A couple weeks back, I was shocked when I learned of the rapid advancement and application of additive printing. To my surprise, it had already developed the ability to combine various materials and manufacture complex products in one run. Take a pair of sunglasses for example—without the need to mold and assemble separate pieces, 3D printers can now make the earpieces soft and flexible, while making the rims holding the lenses hard and durable. The technology’s cost-efficiency and ability to produce highly customizable, quality products have already begun to change the eye-wear industry. And as the capabilities of additive printers continue to evolve, there is no doubt that it will disrupt an infinite number of other industries too.
What about the food & restaurant industry?
3D food printing is real and it’s here. The Foodini is one of the most advanced 3D food printers in the market that can use “fresh ingredients load into stainless steel capsules” to make candy, brownies, pizza, spaghetti and so much more. Commercial kitchens and even Michelin star restaurants (like Miramir in Spain) have already begun to use them for two primary reasons. First, it allows for an infinite number of possibilities for food design and shapes—the machine can achieve a level of detail and sophistication unmatchable by the human hand. Especially in high-end restaurants, where presentation is highly valued, restaurants can impress the diners by providing chefs with the tools to bring their wildest and most creative food ideas into fruition.
Second, it saves time, and lots of it. Yes, the most talented of chefs can make delicate deserts by hand, but it requires a significant amount of time. With the 3D printer creating perfect circles and printing layers as thin as half a millimeter, the chefs can focus on other tasks—like making sure the steak is cooked to a perfect medium rare.
While I expect the impact of additive printing on commercial kitchens to grow exponentially, I personally find the implications for retail use at home even more fascinating. Foodini is currently being rolled out exclusively to professional kitchens, but will be targeting home users as well. In an era where fewer and fewer people are willing to cook at home or spend a substantial amount of time sitting down for a meal, this could have a huge market potential. In the US and around the world, the quick service restaurant industry has prospered precisely because it has catered to this shifting trend in the customers’ eating habits and their inclination towards fast, convenient food. Well, 3D food printers will make preparing and eating food even more convenient.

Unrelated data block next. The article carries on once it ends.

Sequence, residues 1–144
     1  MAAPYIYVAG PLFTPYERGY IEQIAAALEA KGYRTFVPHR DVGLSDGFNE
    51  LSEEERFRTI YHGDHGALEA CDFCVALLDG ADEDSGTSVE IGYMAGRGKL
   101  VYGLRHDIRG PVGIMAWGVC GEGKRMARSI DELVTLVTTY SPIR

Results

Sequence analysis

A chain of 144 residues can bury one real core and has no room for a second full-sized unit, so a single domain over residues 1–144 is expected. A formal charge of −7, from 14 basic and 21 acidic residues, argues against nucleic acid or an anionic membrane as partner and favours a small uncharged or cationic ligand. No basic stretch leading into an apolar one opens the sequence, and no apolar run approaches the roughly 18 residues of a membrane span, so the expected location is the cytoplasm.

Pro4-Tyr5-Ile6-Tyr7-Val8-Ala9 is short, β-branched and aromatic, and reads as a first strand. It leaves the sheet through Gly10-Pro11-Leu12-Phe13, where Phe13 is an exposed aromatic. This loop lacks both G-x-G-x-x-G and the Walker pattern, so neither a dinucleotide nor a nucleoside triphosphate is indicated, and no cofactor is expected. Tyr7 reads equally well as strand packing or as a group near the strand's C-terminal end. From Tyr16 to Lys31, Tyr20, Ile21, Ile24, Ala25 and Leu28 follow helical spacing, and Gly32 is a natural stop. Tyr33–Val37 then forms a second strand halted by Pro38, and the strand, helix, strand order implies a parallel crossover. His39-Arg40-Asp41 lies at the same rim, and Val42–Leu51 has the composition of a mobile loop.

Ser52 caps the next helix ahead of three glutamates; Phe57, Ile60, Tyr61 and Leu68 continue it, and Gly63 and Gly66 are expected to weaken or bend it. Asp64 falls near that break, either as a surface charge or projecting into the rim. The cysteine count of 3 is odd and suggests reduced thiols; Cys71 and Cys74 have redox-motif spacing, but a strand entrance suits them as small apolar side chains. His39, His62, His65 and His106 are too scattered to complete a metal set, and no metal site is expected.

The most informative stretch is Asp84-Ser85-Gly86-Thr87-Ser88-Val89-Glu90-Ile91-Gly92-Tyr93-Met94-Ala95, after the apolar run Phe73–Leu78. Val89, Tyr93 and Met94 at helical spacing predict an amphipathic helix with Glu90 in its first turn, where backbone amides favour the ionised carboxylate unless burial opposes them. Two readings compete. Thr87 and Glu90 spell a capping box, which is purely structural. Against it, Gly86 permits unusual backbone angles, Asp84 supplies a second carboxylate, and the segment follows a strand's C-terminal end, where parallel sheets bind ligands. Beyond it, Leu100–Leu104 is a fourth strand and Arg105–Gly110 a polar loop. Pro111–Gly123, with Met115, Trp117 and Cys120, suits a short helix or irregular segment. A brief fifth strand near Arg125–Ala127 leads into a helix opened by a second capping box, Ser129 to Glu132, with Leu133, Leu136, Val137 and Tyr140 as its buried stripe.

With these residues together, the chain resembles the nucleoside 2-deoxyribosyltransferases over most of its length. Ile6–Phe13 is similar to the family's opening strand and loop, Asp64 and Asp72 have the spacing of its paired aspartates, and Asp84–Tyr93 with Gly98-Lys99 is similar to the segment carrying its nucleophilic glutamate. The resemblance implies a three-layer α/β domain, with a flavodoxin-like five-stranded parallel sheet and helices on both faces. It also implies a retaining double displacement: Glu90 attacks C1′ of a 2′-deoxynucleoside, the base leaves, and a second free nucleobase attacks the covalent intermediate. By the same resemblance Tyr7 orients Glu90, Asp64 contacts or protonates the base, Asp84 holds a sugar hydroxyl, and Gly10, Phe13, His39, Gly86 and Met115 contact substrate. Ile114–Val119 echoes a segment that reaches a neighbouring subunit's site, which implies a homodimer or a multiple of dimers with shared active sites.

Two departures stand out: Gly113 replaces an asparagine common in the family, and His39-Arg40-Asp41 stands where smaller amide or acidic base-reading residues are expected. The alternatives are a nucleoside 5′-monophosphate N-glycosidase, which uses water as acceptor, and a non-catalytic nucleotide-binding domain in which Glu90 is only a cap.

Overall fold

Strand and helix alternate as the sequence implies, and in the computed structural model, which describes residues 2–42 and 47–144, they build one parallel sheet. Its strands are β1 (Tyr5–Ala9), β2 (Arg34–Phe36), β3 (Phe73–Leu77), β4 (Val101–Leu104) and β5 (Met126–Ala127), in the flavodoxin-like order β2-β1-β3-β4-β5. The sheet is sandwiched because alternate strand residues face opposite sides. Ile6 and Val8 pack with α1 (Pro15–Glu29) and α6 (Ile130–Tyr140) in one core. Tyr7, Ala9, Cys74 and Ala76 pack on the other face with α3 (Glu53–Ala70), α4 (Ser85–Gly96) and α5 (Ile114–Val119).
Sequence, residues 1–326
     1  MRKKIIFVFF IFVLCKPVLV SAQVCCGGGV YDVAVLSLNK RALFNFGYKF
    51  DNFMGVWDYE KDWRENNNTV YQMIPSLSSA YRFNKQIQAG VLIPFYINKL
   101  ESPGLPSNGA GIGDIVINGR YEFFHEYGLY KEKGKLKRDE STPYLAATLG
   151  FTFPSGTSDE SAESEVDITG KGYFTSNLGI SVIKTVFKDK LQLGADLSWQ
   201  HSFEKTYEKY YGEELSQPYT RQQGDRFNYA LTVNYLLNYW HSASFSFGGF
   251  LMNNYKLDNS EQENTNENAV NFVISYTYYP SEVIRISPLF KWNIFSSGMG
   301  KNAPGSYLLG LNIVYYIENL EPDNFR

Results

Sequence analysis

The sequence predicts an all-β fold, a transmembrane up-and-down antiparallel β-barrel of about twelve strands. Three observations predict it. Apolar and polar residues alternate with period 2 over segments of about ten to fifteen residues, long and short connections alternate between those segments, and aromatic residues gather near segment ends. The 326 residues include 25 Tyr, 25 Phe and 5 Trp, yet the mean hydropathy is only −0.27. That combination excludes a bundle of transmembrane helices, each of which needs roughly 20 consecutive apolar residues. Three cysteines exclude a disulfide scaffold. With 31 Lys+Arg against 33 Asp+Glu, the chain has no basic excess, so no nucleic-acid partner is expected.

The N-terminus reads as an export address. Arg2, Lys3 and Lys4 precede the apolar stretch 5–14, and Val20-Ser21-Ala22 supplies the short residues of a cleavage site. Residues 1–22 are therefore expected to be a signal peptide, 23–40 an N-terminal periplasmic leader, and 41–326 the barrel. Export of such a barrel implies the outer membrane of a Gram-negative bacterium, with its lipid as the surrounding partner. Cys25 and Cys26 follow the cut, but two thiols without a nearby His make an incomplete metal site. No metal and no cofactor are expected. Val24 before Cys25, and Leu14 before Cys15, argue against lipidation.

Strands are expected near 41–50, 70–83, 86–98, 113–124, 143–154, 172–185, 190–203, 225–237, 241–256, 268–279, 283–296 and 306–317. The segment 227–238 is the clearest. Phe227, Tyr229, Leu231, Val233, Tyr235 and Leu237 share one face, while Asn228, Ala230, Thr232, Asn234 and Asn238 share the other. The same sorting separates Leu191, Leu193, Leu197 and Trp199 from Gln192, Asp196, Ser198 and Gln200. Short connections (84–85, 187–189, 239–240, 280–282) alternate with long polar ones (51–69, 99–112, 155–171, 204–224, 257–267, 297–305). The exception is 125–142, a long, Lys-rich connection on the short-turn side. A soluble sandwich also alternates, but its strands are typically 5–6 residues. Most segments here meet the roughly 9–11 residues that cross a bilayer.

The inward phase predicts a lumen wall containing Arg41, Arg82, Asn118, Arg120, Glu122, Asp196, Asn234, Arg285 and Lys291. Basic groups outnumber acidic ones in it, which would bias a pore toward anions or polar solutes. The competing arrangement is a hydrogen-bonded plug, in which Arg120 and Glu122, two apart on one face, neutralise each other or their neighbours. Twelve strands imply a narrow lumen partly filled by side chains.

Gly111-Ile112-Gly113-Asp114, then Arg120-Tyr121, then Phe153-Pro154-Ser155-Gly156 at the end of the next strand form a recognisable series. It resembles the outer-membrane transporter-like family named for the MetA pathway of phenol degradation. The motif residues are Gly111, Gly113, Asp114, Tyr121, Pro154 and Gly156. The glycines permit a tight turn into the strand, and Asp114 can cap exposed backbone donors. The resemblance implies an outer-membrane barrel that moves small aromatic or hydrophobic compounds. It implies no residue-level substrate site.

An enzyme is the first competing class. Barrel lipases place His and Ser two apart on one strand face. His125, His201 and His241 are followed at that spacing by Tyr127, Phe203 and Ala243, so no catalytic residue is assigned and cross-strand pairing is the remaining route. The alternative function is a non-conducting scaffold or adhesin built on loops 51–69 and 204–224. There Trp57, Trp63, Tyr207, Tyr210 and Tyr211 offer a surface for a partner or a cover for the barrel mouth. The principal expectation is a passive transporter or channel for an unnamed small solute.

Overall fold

Let’s explore how Foodini makes pizza for instance. Foodini is android-powered, and users can choose recipes from the company’s community site, accessible on a smartphone or tablet with Wi-Fi. Once pizza has been selected, users may choose any shape of pizza from the library, or customize and create their own. The printer’s cartridges are filled with the necessary ingredients, and the nozzle begins to layer liquid dough, tomato sauce, melted cheese, and toppings in chronological order. This process takes a total of 5 minutes. The pizza does still need to be tossed in the oven, but there will undoubtedly come a day when the printer can also heat and cook food in one run.
Some may be skeptical of eating food created from a printer at first, and rightfully so. The reason the growth of fast-casual restaurants like Shake Shack, Panera, and Chipotle has been dominating that of the traditional fast food chains like McDonalds in recent years is the public’s increasing concern of health issues. But the 3D food printers are in line with this healthy trend—in fact, some experts believe they would improve the nutritional value of meals. Hod Lipson, a professor of mechanical engineering at Columbia, told The New York Times that “food printing could allow consumers to print food with customized nutritional content, optimized based on biometric and genomic data.”
At first, I would expect it will take some time for people to adjust to the idea of eating a food out of a printer. But just like the microwave, I think it has the potential to become a must-have appliance in every household’s kitchen, once the retail price reaches a reasonable level.
What are other uses for 3D food printing?
- Safe and appealing food for those with ailments or allergies – In Germany, retirement homes have invested in printers that can puree vegetables like broccoli into soft molds of their original shape, making it not only easy-to-chew, but also physically appealing to the elders who are tired of liquid food. Meanwhile, a 3D printing company in Italy (WASP) is testing a printer that can produce gluten free foods to serve those with food allergies.
- Cost savings for grocery stores – replacing perishable whole ingredients with “food cartridges” for printers that can last for years can save grocery stores shelf space, transportation, and storage costs. At the same time, we may see a sharp decline in frozen, microwaveable foods.
- Space meals will become a whole lot more interesting – American start-up BeeHex is set to launch its 3D Chef Robot, which will allow NASA astronauts to have food in space that not only tastes good, but also looks just like a meal cooked on Earth (rather than freeze-dried pre-packaged meals).
3D food printing still is in its premature stages. It’s too slow for mass production, it’s expensive, and the range of food textures it can produce are still limited. But it has a tremendous potential—it will change the way professional kitchens prepare their food, and it can even challenge the very existence of instant home-made foods. There may come a day not so far from today, when America’s beloved microwaveable Easy Mac goes extinct.
Click here to admire some of the beautiful 3D printed foods of today.